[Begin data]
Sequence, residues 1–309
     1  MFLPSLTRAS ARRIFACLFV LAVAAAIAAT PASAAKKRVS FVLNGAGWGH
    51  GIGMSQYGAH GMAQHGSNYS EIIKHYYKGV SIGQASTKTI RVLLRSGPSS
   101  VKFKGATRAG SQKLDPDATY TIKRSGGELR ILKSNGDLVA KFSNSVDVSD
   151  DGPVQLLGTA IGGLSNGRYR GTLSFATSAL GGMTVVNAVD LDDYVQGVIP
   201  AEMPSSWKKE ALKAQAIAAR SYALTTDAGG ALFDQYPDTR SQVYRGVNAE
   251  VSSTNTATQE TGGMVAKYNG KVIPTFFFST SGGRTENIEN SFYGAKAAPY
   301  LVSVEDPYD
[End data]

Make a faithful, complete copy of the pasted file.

Sequence, residues 1–309
     1  MFLPSLTRAS ARRIFACLFV LAVAAAIAAT PASAAKKRVS FVLNGAGWGH
    51  GIGMSQYGAH GMAQHGSNYS EIIKHYYKGV SIGQASTKTI RVLLRSGPSS
   101  VKFKGATRAG SQKLDPDATY TIKRSGGELR ILKSNGDLVA KFSNSVDVSD
   151  DGPVQLLGTA IGGLSNGRYR GTLSFATSAL GGMTVVNAVD LDDYVQGVIP
   201  AEMPSSWKKE ALKAQAIAAR SYALTTDAGG ALFDQYPDTR SQVYRGVNAE
   251  VSSTNTATQE TGGMVAKYNG KVIPTFFFST SGGRTENIEN SFYGAKAAPY
   301  LVSVEDPYD